Spanish researchers open first biobank for living human brain samples
Spanish researchers have created the world’s first biobank of living brain tissue collected from patients with metastatic brain cancer. The biobank provides a library of samples upon which research can be done and drugs tested, with the data collected made available to the international scientific community.
Research into brain cancers and testing drugs for the treatment of them usually involves the use of experimental models, including mice. It’s not until a major discovery is made that the search for patient samples begins, and then begins the process of confirming the discovery in humans.
Finding the necessary number of human samples can be time-consuming and usually requires researchers to liaise with other institutions and comply with legal and ethical requirements. But, researchers at the Spanish National Cancer Research Center (CNIO) have devised a solution: a repository of living samples from patients with brain metastases.
The living repository, or biobank, is part of RENACER, an acronym for the National Brain Metastasis Network and, fittingly, the Spanish word for ‘rebirth’. When a patient with brain metastasis attends one of RENACER’s network of 18 hospitals for surgery, they can donate a tiny part of their brain to the biobank.
Because the cells are kept alive, they can be studied for their response to specific drugs, paving the way to create individual patient ‘avatars’ by which the most appropriate and effective treatment can be identified. But, beyond collecting tissue samples, RENACER has used RNA and exosome sequencing to profile over 150 brain metastases. The collected data is put into a database open to the international scientific community.
“Research contracts have been already signed to exploit patient-derived organotypic cultures (PDOCs) as avatars, thus providing the possibility to generate biomarkers of sensitivity or resistance to specific drugs,” said Manuel Valiente and Eva Ortega-Paíno, the study’s authors.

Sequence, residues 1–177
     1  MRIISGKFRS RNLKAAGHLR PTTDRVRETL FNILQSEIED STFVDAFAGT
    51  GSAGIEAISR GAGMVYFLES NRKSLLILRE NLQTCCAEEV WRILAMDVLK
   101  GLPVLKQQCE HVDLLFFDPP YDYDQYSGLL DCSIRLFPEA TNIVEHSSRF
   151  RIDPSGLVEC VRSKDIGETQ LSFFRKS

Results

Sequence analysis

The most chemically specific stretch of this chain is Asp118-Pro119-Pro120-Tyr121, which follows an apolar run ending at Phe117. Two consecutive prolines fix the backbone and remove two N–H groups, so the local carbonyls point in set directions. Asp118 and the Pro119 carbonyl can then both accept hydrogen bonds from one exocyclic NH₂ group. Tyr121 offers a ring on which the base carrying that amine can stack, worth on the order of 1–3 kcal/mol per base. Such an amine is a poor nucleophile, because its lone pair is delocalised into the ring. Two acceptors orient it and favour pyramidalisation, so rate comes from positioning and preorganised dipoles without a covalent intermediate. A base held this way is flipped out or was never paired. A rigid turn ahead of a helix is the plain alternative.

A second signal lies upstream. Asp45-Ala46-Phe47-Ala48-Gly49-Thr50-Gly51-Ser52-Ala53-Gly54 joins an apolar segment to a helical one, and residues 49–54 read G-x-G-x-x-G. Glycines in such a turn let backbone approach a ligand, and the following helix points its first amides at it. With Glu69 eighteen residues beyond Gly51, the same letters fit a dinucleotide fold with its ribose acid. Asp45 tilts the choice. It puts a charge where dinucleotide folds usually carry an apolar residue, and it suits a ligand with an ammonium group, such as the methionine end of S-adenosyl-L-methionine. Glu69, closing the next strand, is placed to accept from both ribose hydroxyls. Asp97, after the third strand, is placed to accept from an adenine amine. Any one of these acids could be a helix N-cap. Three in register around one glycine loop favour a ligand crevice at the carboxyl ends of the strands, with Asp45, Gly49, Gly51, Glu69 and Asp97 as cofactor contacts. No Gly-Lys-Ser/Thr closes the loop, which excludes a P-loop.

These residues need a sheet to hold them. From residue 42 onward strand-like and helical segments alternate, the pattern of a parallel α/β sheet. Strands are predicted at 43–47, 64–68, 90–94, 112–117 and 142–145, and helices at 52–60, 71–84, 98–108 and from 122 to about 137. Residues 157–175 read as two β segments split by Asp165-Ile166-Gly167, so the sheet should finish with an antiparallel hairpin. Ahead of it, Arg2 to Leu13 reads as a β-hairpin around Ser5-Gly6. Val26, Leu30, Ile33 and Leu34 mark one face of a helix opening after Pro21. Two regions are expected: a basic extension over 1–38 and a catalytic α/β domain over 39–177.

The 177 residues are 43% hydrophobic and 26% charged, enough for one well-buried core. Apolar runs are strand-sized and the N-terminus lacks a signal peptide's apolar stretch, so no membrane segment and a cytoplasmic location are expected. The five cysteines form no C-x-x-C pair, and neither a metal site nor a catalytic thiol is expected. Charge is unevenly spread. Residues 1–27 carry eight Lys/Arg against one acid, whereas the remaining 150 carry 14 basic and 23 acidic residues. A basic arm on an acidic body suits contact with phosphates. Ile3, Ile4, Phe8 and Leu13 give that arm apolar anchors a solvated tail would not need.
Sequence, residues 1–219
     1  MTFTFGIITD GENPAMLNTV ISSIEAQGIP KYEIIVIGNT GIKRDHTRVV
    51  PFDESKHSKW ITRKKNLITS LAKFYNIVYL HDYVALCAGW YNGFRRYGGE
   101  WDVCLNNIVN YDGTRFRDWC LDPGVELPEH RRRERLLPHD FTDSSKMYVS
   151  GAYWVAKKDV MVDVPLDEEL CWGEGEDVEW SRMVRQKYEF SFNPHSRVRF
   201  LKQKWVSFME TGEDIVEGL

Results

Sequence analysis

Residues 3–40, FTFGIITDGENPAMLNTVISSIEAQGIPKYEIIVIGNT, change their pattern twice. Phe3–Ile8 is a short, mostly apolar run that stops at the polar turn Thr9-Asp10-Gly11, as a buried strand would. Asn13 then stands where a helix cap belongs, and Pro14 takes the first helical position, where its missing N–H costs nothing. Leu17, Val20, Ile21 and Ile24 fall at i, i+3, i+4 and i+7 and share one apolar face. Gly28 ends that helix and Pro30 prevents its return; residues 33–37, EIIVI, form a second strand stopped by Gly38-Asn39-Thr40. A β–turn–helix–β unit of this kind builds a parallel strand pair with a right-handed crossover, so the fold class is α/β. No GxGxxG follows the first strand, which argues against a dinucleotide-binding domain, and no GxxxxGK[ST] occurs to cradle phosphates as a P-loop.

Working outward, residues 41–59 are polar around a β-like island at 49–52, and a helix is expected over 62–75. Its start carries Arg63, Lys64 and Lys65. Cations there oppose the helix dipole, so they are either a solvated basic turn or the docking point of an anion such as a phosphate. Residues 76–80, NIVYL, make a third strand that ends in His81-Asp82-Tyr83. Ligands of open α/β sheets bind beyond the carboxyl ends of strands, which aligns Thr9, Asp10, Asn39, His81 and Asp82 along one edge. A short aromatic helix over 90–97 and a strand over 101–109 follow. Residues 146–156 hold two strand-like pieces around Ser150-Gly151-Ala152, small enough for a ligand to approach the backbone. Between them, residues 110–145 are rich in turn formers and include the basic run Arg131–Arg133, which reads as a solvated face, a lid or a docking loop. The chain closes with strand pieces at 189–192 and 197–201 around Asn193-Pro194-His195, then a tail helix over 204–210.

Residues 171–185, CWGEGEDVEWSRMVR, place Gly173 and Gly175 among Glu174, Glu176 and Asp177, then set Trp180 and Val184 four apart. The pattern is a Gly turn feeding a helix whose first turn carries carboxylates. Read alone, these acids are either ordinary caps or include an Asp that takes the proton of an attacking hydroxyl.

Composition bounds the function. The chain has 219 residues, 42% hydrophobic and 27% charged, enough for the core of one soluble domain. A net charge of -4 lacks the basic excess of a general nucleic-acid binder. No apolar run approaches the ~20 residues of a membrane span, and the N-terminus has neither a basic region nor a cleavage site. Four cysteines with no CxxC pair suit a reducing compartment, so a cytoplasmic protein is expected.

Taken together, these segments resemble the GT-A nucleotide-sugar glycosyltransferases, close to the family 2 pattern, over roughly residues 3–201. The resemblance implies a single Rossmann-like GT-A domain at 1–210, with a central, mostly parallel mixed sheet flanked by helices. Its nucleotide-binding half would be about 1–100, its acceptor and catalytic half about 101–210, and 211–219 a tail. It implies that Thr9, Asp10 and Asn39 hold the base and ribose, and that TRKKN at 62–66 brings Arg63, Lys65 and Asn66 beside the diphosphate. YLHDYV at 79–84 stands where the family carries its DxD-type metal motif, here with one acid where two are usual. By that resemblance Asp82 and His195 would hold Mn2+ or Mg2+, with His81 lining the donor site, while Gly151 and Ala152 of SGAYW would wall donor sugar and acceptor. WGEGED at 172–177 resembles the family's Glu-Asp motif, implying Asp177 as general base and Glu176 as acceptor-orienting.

An organotypic culture system allows for the growth of complex biological tissues in a way that replicates part of their normal physiology and function. But ensuring the tissue stays ‘alive’ involves a sophisticated logistics chain. Once removed from the patient, it's taken from the operating theater in a special container containing a culture medium, maintained at a temperature between 39.2 °F and 46.4 °F (4 °C and 8 °C). The tissue must reach the biobank in less than 24 hours. Once there, it’s processed and organotypic cultures are created, and they are divided into parts that are stored as samples for future investigations.
The researchers are already seeing benefits from RENACER.
“Since RENACER is associated with a network of hospitals, these research findings can be quickly translated into further clinical studies,” they said. “Indeed, a biomarker compatible with liquid biopsy that was initially discovered in experimental models is now part of a prospective multi-institutional study to evaluate it as a non-invasive strategy to predict the response to radiotherapy.”
The researchers plan to investigate ways of improving RENACER. For instance, incorporating brain imaging and neurocognitive evaluations as a way of obtaining a more comprehensive picture of relevant aspects of disease and/or responses to treatment. And the network may be useful beyond the brain.
“While RENACER is currently focused on the brain, patients with brain metastases have disseminated disease affecting other organs,” the researchers said. “Therefore, it would be ideal to collaborate with other networks specialized in extracranial metastases. As cancer patients continue to die mainly due to disseminated disease, we consider that the development of such an approach is crucial to bring personalized medicine to metastatic disease and not only the primary tumor.”
The study was published in the journal Trends in Cancer.